Subject – Security and Defence
Context – Strategy meet discusses Chinese cyberattacks
- The rising cyberattacks from China on critical installations was discussed at the National Security Strategies Conference chaired by Home Minister Amit Shah.
- The conference, an annual event held at the Intelligence Bureau headquarters, was attended by Director General of Police of all States and Directors-General of the Central Armed Police Forces (CAPF).
- The participants were told that while the Pakistani cyberattacks focused on stealing identity and personal data, the Chinese hackers were more sophisticated and they settled down in any network, striking at will.
Subject – Governance
Context – PM orders drive to cut red tape
- Prime Minister Narendra Modi has directed all government departments to have a fresh look at all existing processes and scrap unnecessary paperwork and compliances, as part of a special spring-cleaning exercise this month
- To be monitored by the Department of Administrative Reforms and Public Grievances (DARPG) in the Ministry of Personnel, Public Grievances and Pensions, this special campaign to run till the end of October is based on the directions of the PM
- Secretaries have now been asked to monitor the progress on resolving pending issues on a daily basis and send a weekly report to the DARPG.
- Asking Departments to weed out files of “temporary nature”, the Cabinet Secretary has also urged them to review the period for which different records are retained. Files must neither be prematurely destroyed nor kept for periods longer than necessary.
- Further, redundant scrap material and obsolete items may be discarded during this campaign to improve cleanliness at work places.
Subject – IR
Context – India, Israel, UAE and U.S. launch quad forum
- India, Israel, the United Arab Emirates and the United States have decided to launch a new quadrilateral economic forum.
- The quad builds on ongoing cooperation between the U.S., Israel and the UAE after the Abraham Accords last year, and the India, Israel and UAE cooperation that was launched since.
- the grouping had decided to establish an international forum for economic cooperation, and specifically discussed “possibilities for joint infrastructure projects.
- four Ministers discussed “expanding economic and political cooperation in the Middle East and Asia, including through trade, combating climate change, energy cooperation, and increasing maritime security,” as well as ways to counter the COVID¬19 pandemic.
- Business groups in India, the UAE and Israel have also been in talks for trilateral cooperation since diplomatic ties were established, and the International Federation of Indo-Israel Chambers of Commerce (IFIIC) has predicted that the potential for agreements backed by Israeli innovation, UAE funding and Indian manufacturing, given India’s close ties and strategic partnership with the two other countries could cross $100 billion by 2030.
- In the first such venture, a UAE project for robotic solar panel cleaning technology was signed by Israeli company Ecoppia that has a manufacturing base in India.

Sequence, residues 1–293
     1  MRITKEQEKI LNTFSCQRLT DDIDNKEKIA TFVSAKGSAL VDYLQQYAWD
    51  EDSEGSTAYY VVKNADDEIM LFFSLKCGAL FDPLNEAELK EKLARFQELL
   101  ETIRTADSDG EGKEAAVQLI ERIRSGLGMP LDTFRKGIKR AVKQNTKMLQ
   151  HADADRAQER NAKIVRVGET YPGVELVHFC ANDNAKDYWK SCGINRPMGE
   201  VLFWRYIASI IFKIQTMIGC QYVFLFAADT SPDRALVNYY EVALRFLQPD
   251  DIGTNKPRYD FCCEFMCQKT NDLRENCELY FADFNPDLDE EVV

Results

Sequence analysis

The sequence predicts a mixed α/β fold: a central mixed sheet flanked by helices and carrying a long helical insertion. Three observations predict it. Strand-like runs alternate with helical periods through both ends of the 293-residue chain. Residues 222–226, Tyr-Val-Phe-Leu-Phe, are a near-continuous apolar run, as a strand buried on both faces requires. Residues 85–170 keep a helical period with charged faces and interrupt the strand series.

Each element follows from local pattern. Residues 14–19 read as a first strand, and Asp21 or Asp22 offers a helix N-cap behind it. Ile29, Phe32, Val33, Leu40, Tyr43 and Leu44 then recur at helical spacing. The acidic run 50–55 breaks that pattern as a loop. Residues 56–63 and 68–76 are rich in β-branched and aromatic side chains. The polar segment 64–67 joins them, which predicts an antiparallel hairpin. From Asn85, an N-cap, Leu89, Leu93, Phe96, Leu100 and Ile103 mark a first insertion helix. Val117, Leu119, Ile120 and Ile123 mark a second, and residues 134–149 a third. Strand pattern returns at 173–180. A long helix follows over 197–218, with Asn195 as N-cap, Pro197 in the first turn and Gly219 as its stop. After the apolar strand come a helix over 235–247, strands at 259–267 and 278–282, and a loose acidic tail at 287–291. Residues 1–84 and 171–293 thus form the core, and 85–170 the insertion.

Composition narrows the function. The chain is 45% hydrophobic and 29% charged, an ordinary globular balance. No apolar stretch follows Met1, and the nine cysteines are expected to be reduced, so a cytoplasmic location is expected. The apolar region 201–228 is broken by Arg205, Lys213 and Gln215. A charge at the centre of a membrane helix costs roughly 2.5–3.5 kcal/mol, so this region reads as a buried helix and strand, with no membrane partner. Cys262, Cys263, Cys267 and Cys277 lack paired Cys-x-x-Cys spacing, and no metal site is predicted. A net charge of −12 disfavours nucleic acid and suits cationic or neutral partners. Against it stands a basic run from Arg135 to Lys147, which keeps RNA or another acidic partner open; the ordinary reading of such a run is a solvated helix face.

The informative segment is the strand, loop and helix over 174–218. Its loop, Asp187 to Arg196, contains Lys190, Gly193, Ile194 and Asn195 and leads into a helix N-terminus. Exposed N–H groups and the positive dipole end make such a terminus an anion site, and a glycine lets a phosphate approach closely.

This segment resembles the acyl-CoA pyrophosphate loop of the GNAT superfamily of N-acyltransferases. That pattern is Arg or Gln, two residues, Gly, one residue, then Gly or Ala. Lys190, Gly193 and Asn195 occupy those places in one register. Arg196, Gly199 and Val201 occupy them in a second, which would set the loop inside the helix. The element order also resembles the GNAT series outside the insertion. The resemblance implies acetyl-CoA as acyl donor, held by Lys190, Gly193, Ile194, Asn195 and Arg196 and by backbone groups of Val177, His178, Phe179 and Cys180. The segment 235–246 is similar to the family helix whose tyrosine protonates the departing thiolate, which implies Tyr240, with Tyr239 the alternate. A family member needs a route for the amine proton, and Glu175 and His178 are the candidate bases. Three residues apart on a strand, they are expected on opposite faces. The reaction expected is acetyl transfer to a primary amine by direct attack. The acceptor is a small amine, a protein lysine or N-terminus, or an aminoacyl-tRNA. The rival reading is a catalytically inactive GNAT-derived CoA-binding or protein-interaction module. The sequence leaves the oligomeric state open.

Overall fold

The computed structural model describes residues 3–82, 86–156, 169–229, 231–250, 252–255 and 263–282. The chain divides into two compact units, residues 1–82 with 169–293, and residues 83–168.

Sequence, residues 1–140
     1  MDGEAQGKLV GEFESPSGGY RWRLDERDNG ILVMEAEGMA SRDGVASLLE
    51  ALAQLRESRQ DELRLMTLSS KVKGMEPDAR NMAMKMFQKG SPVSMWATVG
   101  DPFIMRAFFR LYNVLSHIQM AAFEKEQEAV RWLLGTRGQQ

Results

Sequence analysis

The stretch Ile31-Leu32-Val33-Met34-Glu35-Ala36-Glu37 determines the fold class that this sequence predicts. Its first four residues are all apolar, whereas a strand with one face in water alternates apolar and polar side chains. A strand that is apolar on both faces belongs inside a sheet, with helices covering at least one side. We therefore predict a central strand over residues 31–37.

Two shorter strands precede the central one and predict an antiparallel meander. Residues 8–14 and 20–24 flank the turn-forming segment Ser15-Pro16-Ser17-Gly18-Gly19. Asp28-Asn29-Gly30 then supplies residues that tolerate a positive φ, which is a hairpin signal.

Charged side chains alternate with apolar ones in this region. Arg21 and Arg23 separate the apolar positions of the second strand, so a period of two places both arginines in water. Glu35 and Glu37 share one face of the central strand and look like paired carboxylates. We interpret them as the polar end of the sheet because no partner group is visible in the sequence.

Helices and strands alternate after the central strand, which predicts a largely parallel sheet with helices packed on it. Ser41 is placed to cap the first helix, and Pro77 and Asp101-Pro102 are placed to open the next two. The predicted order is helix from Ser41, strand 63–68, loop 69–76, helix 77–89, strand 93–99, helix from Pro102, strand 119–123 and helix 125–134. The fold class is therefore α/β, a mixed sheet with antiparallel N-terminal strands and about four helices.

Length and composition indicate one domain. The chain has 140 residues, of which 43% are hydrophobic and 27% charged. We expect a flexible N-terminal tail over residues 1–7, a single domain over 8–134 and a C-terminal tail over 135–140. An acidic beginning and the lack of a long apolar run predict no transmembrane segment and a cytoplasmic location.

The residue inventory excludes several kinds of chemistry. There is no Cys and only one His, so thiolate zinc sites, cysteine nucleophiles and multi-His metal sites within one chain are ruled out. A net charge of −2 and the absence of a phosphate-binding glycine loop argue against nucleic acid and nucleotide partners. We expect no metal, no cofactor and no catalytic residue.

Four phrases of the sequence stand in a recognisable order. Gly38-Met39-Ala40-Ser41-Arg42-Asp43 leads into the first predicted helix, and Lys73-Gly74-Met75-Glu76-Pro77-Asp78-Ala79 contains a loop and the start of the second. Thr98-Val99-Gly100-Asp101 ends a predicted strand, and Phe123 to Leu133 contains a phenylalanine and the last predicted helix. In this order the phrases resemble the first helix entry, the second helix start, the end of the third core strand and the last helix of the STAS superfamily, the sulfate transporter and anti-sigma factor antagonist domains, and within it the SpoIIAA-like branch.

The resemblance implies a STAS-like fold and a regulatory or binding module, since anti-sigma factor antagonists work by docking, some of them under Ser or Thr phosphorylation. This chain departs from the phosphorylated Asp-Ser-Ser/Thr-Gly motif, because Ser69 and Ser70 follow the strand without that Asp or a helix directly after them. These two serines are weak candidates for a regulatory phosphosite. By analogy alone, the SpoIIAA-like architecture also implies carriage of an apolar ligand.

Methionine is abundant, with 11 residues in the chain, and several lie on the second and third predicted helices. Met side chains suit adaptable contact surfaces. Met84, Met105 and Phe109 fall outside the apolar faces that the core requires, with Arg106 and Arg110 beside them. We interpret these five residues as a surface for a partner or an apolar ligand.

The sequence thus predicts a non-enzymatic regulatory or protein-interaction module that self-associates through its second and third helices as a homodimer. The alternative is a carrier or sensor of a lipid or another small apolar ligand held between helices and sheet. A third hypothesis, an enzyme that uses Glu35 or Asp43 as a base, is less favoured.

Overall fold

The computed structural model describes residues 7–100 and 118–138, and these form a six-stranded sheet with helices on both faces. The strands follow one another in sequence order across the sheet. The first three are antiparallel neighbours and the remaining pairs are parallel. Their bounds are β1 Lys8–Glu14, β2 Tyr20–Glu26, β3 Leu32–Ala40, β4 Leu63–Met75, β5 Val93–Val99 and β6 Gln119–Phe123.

Subject – Art and Culture
Context – Bhaskarabda to be added to official calendar of Assam
- Bhaskarabda, an era counted from the date of the ascension of a seventh century local ruler, will be added to Saka and Gregorian eras in the official calendar of the Assam Government.
- Bhaskarabda began when Bhaskaravarman was crowned ruler of the Kamrupa kingdom. He was a contemporary and political ally of northern Indian ruler Harshavardhana.
- Unlike Gregorian, where a day starts at midnight, the Assamese calendar begins and ends at sunrise over 24 hours. While the Gregorian goes by the solar cycle, the Saka and Bhaskarabda eras use a lunisolar system based on both the phases of the moon and the solar year.
- The gap between Bhaskarabda and Gregorian is 593 years.
- The New Year in the Assamese calendar is known as Bohag Bihu.
- The Assamese Calendar incorporates the seven-day week as used by many other calendars. The names of the days of the week in the Assamese Calendar are based on the Navagraha
Subject – Science and Tech
Context – INSACOG to track SARSCoV2 in sewage
- The decline in daily new infections across India has prompted INSACOG, the consortium of labs focused on sequencing coronavirus variants, to “prioritise” new surveillance approaches.
- INSACOG (India SARS-CoV-2 Genome Consortium) notes: “In view of currently declining cases and importance of early detection of increased transmission in the future, INSACOG will prioritise developing and expanding a SARS-CoV-2 sewage surveillance program.”
- The CSIR-Centre for Cellular and Molecular Biology, which is also part of the INSACOG network, has since early 2020 been collecting sewage from large drains in cities to check for the presence of the virus.
- Because a large fraction of those afflicted by the virus are asymptomatic but are carriers of infection, their body fluids and stool often contain traces of the virus.
- Finding large proportions of it in public drains can often be a precursor to a fresh outbreak, with a rise in symptomatic infections.
- Delta (B.1.617.2 and AY.x) continues to be the main VOC (Variant of Concern) in India. No new VOI (Variant of Interest) or VOC are noted in India.
To know about Indian SARS-CoV2 Genomics Sequencing Consortium (INSACOG), please click here.